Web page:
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How do Fertilizers Pollute?

     Over-fertilizing can be a cause of this pollution as the nutrients that are not absorbed into the plant life are then washed away by stormwater runoff. If these nutrients run off into a nearby waterway or get absorbed into the groundwater supplies, it is detrimental to communities as well as the individual homeowners.

    An oversupply of nitrogen and/or phosphorus found in fertilizer, can cause algae growth in the water, which can lead to habitat loss for fish and other aquatic living things as well as lead to fish kills. This also contaminates drinking water. An extra cost is added to communities that need this water because it is contaminated and before it can consumed it must be treated.

How to Reduce the Negative Effects of Fertilizer
   There are several ways to reduce the negative effects of fertilizer. A homeowner can have their soil tested, and the results will tell them what the proper amount of fertilizer is necessary. This helps to avoid over fertilizing and reduces the chances of fertilizer runoff adding unwanted phosphorus and nitrogen to nearby water sources. Soil should be tested every two to three years.

    There are many different types of fertilizer available. Before making a purchase, one should research the different types, as they all release nitrogen in different ways. There are some types of fertilizers that are not as harmful to the environment as others.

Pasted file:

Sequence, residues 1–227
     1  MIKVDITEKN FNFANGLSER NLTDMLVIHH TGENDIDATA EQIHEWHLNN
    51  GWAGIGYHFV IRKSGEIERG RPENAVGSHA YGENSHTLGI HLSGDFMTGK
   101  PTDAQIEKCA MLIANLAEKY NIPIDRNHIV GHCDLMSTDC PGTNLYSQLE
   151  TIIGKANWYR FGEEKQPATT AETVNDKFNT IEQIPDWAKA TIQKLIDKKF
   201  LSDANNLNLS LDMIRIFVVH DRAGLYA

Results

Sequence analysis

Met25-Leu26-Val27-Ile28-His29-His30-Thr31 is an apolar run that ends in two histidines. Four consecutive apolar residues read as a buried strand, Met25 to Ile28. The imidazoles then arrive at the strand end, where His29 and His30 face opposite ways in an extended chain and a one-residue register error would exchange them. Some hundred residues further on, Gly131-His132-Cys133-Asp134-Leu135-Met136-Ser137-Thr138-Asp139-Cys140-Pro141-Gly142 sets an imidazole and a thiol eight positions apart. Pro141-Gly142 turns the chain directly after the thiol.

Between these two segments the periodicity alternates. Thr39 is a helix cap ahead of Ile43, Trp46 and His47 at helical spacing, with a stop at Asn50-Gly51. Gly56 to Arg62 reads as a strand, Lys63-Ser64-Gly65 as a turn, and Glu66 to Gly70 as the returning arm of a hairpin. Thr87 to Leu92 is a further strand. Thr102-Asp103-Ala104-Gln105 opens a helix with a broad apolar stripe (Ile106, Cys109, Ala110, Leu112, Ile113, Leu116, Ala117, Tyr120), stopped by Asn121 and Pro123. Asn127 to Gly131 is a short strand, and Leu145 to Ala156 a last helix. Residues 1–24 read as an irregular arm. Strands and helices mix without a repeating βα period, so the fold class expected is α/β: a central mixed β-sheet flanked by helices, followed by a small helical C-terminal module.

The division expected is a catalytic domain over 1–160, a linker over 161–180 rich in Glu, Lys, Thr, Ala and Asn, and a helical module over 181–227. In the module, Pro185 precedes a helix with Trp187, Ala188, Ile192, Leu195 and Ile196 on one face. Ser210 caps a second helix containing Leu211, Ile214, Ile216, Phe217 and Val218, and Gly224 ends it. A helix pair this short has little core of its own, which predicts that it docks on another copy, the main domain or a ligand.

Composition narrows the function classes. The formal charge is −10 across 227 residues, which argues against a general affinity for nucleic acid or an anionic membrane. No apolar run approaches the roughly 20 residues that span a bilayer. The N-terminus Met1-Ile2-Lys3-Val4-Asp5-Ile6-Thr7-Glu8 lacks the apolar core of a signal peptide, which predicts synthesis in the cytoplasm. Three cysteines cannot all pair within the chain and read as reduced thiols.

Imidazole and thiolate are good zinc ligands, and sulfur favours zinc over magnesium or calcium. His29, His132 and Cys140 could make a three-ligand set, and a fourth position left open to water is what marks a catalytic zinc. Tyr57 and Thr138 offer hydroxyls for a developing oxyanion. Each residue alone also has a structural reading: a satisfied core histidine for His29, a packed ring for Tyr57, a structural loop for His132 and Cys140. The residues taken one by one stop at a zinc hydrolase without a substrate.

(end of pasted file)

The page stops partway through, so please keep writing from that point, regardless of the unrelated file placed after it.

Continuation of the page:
It is very important to avoid getting fertilizer into natural drainage areas or ditches where it will likely be caught up in stormwater runoff. After a fertilizer is applied and mixed with the soil, it is a good practice to only sprinkle about a quarter of an inch to a half an inch of water on it. Any extra fertilizer that has spread onto non-porous areas such as driveways, should be swept up and reused.

Healthier Fertilizers

   Some types of fertilizer make nitrogen immediately available to plants. They contain water-soluble, quick-release forms of nitrogen such as ammonium nitrate, calcium nitrate, ammonium sulfate, and potassium nitrate. As soon as these types of fertilizers are applied to wet soil they start to release the nitrogen. These water-soluble types of fertilizers can be identified by the initials WSN on the fertilizer labels. These are generally unhelpful fertilizers as they have short lasting effects and if a large amount is applied to the plants they can damage the plant. Since the effects are so short lived, this could lead to high application rates, which combined with high rainfall or high irrigation, can lead to a large amount of nitrogen leaching below the root zone and getting into water supplies. The following is a chart adapted from A Gardener’s Guide to Protecting Water Quality publication:


Fertilizer Source

Percent Nitrogen

Leaching Potential

Ammonium sulfate



Ammonium nitrate

33 to 34


Calcium nitrate



Potassium nitrate





       There are some types of fertilizers known as slow-release fertilizers. These stretch the nutrient availability to last love a long period of time. Fertilizer labels with the initials WIN, which stands for water-insoluble nitrogen, are these types of slow-release fertilizers.


       Biofertilzer is another alternative to conventional fertilizers. Biofertilzers improve the fertility of the soil by using biological wastes that do not contain any chemicals. There are a few types of biofertilizers, including:

  • phosphor
  • rhizo
  • azotobactor
  • trichoderma
  • composter
  • biocompost
  • tricho-card
  • vermin compost





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